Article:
PISCATAWAY, N.J., May 24, 2022 (GLOBE NEWSWIRE) — Despite the legalization of cannabis sales in Canada and many U.S. states, an illegal market still exists. Now, a new report in the Journal of Studies on Alcohol and Drugs suggests that higher prices and inconvenience associated with legal sources may be barriers that encourage consumers to seek out illegal providers instead.
For their research, investigators at the University of Waterloo in Ontario looked at data from the 2019 and 2020 International Cannabis Policy Study. Participants reported how much of the marijuana they used in the past 12 months was purchased legally. If respondents entered a value less than 100%, they were prompted to choose from a list of reasons for purchasing illegal cannabis.
“Legal sources had higher prices” was the number-one answer in Canada in both years (35.9% in 2019, 34.6% in 2020) as well as in the United State (27.3% in 2019, 26.7% in 2020). Convenience (both “legal sources were less convenient” and “legal stores were too far away/there are none where I live”) was high on the list as well, with the percentage of respondents who named these as reasons ranging from 10.6% to 19.8%.
Other possible reasons—such as low quality, the desire to stay anonymous, delivery speed and loyalty to a dealer—were selected less frequently as factors in choosing a purchase option.
“We also observed differences across jurisdictions and changes over time—many reasons decreased in later years, which reflects changes in the number of stores and the price of cannabis in Canada and U.S. states that have legalized adult cannabis use,” says study co-author David Hammond, Ph.D., professor and university research chair at the University of Waterloo’s School of Public Health Sciences.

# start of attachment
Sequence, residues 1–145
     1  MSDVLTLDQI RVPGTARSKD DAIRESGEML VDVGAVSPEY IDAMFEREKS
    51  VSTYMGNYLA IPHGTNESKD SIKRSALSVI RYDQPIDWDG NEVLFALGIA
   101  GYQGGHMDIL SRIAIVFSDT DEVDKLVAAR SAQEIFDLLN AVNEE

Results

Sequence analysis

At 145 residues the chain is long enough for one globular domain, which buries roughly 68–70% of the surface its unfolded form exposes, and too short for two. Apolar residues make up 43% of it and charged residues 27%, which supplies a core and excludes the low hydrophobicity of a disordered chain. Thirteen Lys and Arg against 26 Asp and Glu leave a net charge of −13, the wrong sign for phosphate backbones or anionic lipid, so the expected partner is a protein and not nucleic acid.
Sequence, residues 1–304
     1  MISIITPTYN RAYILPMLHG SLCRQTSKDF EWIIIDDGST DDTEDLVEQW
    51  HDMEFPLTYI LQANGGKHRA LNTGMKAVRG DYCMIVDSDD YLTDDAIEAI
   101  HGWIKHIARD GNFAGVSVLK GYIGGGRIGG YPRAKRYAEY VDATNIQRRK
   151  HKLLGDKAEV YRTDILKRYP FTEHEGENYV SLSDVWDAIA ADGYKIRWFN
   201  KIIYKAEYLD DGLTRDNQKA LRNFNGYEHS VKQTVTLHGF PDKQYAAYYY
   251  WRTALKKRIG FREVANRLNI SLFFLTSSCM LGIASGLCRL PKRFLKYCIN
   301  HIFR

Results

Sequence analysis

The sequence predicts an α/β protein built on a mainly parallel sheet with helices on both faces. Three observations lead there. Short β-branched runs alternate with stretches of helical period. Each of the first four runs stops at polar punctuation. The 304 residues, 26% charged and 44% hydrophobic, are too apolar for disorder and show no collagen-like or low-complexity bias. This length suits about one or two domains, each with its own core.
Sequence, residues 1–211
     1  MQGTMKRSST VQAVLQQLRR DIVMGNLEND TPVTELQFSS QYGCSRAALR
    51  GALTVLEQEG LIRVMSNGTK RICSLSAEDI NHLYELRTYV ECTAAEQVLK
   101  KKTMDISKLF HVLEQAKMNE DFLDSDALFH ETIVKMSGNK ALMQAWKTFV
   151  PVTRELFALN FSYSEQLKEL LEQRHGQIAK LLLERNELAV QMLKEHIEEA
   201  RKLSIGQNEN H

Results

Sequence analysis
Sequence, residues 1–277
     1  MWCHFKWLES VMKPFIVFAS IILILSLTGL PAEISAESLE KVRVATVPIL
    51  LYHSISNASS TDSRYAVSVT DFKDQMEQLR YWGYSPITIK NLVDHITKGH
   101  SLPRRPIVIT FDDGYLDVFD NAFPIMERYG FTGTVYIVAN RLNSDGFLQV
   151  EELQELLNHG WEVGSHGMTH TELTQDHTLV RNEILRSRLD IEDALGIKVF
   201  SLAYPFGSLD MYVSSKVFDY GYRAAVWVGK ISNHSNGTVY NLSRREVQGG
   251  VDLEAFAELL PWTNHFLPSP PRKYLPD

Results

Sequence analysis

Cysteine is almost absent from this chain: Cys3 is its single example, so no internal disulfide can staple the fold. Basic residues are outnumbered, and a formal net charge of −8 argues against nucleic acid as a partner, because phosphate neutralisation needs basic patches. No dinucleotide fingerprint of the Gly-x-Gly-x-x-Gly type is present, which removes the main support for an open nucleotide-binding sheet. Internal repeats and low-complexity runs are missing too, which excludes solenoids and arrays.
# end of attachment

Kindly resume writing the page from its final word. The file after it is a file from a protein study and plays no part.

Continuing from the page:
A goal of nonmedical cannabis legalization has been to displace the illegal market. Therefore, the reasons why this goal hasn’t been completely met are important, and few studies have examined the potential disconnect.
“Cannabis legalization is one of the most notable substance use policies in several decades,” Hammond says. “Transitioning consumers from illegal to legal retail sources is a primary goal of legalization. Indeed, many of the potential benefits of legalization—including product standards, revenue for legitimate businesses, reducing burden on the criminal justice system—depend upon shifting consumers to legal cannabis sources. Given the importance of this issue, there is surprisingly little empirical evidence on the factors that determine where consumers source their products in a legal market.”
Hammond and his colleagues write that future research should focus on how perceived barriers to legal markets change as those markets evolve.
“As markets mature, the number of stores per capita tends to increase, and inconvenience is expected to become less of a hurdle,” the researchers write in the study. “Regulators will need to balance public health and criminal justice priorities in order to establish a competitive market for legal cannabis that encourages legal purchasing.”